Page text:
I-TEAM EXCLUSIVE: Judges, lawmakers react to racially-charged photos of court employees

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Judges around the state and lawmakers in Sacramento are reacting to this week's exclusive I-Team report that showed photos of court system employees dressed up like prisoners at an office party. (KGO-TV)

Furious reaction, after the I-Team showed you these pictures of California court system employees at an office party dressed up like prisoners. Judges around the state and lawmakers are reacting to our report, and the courts' oversight body is apologizing.

The reaction has been swift, after our report was emailed to every sitting judge in the state.

PHOTOS: Sacramento Judiciary Council costume party pics spark controversy
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The NAACP is demanding an apology from the Judicial Council, the policy-making body for California courts.



Judge Maryanne Gilliard, Director, Alliance of California Judges, tells the I-Team, "I was appalled."

She is shocked by what the I-Team uncovered Tuesday, saying, "That is not anything any judge I know would ever tolerate ever "

Dan Noyes obtained photos of last year's Halloween party at the Judicial Council, the policy-making body for California courts, whose goal is "access, fairness and diversity". But staff at the Sacramento office imitated the TV show "Orange is the New Black" -- turning their cubicles into prison cells, a guard standing watch, someone wearing dreadlocks and a Hannibal Lecter mask in a padded cell, others painting their faces, one male employee appearing to imitate a transgender actress on the show.

Long-time Judicial Council employee Michael Roosevelt tipped off the I-Team, saying the event sends a dangerous message: "Bad people, black people, dark people, people with locks, they are to be feared."

Dan Noyes added, "Feared and ridiculed."

Roosevelt agreed, "Feared and ridiculed."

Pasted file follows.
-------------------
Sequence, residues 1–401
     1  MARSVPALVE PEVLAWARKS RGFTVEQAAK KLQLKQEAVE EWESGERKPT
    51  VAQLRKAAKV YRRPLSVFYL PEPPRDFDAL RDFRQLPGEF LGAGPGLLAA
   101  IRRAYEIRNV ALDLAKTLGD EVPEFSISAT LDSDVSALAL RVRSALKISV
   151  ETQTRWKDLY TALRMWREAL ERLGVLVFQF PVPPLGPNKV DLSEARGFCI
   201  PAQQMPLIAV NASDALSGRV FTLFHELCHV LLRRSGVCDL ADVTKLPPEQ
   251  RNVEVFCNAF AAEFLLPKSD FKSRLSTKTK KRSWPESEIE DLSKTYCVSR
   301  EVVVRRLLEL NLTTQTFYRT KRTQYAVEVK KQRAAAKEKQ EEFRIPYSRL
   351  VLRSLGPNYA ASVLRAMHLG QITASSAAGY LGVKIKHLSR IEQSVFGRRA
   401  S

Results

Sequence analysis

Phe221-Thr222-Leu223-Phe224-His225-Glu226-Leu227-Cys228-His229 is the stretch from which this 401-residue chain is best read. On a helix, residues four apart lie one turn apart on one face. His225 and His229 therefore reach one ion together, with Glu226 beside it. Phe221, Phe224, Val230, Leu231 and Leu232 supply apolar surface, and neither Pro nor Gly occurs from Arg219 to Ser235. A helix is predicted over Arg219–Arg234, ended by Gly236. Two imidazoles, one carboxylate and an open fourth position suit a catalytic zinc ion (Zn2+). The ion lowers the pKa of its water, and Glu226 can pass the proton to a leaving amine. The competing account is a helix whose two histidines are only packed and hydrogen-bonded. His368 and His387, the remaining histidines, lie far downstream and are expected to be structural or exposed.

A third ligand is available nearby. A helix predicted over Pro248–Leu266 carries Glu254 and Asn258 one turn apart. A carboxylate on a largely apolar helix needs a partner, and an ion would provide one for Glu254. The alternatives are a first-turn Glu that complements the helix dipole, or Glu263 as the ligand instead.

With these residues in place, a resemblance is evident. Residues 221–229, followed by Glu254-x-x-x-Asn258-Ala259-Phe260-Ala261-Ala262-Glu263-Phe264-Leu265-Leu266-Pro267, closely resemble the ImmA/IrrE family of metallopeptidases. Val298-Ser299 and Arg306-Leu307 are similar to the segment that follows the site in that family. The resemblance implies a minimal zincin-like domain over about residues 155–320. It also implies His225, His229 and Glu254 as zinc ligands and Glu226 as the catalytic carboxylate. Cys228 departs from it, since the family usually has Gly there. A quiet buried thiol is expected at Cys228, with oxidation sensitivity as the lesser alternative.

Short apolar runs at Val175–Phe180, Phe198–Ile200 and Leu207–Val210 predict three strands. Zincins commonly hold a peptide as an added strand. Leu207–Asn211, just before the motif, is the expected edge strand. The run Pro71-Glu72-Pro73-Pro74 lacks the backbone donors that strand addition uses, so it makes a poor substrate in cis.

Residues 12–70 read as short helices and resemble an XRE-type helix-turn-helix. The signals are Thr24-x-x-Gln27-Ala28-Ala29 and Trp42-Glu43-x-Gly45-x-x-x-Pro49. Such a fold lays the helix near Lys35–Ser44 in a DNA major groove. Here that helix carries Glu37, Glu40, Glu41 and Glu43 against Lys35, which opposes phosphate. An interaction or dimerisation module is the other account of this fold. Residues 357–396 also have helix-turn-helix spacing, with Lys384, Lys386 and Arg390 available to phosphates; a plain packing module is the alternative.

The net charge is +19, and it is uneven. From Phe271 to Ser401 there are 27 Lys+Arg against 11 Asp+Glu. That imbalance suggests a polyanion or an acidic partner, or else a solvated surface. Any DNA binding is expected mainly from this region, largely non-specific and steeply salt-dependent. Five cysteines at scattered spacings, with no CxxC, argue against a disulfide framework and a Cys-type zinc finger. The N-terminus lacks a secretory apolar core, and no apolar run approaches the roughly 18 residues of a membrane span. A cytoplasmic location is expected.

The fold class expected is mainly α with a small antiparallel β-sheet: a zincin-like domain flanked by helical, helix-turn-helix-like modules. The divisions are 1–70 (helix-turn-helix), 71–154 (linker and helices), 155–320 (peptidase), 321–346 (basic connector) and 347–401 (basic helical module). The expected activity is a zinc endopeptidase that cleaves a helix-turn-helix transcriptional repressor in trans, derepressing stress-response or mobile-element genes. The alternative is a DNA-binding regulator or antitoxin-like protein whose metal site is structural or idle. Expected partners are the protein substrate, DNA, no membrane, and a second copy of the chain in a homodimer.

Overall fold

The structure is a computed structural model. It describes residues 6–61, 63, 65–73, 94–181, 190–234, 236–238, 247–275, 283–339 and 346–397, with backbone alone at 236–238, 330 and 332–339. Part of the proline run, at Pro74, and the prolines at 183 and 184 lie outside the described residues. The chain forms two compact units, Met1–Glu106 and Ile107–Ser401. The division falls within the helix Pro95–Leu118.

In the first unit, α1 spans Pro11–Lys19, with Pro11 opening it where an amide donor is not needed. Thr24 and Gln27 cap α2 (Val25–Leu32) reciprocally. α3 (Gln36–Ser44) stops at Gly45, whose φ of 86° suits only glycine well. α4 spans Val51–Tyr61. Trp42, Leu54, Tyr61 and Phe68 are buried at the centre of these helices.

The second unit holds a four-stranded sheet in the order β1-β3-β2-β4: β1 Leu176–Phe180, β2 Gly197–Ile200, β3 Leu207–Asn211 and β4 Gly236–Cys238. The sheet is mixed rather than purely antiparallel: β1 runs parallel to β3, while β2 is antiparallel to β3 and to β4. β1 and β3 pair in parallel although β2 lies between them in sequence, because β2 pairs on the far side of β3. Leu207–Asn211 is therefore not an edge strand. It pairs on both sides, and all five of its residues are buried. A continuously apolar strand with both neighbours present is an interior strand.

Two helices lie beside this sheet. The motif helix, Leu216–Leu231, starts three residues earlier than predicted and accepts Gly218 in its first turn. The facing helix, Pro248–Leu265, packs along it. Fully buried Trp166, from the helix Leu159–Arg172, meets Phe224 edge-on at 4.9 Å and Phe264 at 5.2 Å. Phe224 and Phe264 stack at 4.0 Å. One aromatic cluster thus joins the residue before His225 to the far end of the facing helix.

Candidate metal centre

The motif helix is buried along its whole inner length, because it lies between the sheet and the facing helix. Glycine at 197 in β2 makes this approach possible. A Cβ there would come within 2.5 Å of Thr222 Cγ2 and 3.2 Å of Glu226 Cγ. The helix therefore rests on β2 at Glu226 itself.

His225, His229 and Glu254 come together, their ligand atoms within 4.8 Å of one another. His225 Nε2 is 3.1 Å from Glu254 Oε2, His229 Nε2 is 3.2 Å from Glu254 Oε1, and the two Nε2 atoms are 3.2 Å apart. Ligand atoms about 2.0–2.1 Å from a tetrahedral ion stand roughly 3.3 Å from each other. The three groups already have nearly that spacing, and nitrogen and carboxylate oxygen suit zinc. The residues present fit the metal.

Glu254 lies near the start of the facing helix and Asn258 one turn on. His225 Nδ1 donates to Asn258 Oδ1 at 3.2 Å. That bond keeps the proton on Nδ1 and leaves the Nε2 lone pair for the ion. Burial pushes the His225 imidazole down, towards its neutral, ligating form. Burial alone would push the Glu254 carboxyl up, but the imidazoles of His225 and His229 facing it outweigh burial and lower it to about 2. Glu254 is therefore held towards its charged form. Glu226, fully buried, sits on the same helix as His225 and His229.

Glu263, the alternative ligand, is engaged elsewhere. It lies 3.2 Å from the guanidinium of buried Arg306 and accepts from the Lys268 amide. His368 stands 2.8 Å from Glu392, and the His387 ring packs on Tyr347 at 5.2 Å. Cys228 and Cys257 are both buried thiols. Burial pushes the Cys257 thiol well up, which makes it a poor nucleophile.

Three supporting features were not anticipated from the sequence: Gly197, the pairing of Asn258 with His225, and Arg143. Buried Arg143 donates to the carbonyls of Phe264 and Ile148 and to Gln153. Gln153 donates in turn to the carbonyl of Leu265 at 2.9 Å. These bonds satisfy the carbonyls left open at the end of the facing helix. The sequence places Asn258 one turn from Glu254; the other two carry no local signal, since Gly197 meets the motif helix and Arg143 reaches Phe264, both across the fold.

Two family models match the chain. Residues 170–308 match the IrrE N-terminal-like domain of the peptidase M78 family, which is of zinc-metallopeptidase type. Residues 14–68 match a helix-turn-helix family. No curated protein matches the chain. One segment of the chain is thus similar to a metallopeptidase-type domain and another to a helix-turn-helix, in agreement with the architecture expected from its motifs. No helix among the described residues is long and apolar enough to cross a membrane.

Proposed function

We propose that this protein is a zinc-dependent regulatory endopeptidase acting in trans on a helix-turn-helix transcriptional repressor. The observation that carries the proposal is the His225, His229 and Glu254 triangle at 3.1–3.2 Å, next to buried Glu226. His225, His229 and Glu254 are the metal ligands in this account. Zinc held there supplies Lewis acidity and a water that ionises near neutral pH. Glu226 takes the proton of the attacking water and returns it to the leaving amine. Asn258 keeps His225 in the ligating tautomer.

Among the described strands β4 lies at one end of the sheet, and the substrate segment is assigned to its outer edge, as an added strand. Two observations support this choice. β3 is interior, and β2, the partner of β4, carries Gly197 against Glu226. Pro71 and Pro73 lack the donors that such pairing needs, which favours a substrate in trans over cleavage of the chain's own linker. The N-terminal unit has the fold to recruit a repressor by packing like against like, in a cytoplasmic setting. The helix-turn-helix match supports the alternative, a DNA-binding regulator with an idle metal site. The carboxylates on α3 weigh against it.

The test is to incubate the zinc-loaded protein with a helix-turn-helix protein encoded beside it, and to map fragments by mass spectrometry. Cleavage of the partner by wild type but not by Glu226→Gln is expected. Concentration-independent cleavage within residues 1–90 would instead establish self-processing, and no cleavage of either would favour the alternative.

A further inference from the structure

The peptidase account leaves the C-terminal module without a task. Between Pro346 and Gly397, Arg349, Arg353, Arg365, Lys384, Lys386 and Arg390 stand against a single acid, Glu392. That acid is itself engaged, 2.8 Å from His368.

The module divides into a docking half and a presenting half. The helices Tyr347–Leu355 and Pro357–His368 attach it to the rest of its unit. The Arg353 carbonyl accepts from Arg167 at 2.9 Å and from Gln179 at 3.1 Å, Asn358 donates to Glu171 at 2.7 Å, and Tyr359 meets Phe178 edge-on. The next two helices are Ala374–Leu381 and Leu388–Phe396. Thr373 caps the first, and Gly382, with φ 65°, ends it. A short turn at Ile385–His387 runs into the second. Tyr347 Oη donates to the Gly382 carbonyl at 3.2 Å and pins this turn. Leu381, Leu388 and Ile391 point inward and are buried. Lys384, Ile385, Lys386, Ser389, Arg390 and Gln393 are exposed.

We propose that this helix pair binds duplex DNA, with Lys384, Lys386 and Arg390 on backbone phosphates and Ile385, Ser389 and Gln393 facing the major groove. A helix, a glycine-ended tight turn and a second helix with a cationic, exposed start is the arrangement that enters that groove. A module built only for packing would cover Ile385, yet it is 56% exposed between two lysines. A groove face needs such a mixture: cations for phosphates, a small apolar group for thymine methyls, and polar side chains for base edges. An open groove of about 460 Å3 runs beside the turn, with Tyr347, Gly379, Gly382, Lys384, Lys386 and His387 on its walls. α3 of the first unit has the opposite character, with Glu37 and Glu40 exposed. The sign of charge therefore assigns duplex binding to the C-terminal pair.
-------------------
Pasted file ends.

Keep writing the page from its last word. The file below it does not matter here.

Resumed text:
The Alliance of California Judges emailed the I-Team investigation to every sitting judge in the state, and called for "accountability and transparency" for the Judicial Council, "this rudderless and bloated bureaucracy."


Judge Gilliard said, "There is nothing funny to be made of lives being destroyed by Crime either as a defendant or as a victim."

Rev. Amos Brown, president of the San Francisco Chapter of the NAACP, told the I-Team, "We will call for an apology."

In Tuesday's report, the I-Team showed the pictures to Reverend Amos Brown of the NAACP.

"They don't see these prisoners as being human beings," responded Rev. Brown. "They see it as being a fun thing."

And now, the Judicial Council is apologizing to the NAACP, issuing a statement calling the "staff Halloween costume contest ... insensitive and unacceptable." "Our employees should be held to a higher standard where even the appearance of bias or prejudice is not permissible."

Also today, the California Legislative Black Caucus is calling for an investigation of diversity in the Judicial Council, saying "the racist actions ... are shameful."

And the California Capitol Black Staff Association is "horrified by (the) racist photos" calling them "hate speech that depicts dangerous stereotypes that have haunted the Black population in America since slavery."

In an email to employees, the Judicial Council tried to explain away at least part of the controversy, saying the staff did not actually darken their faces. But that only stirred up even more angry reaction at the state capitol.

Click here to watch the I-Team's exclusive report that sparked these changes and click here for more stories and videos by Dan Noyes and the I-Team.

Related Topics:
racismphotophotosjudgejudicial misconductinvestigationinvestigationsI-Teamcivil rightsNAACPSacramento
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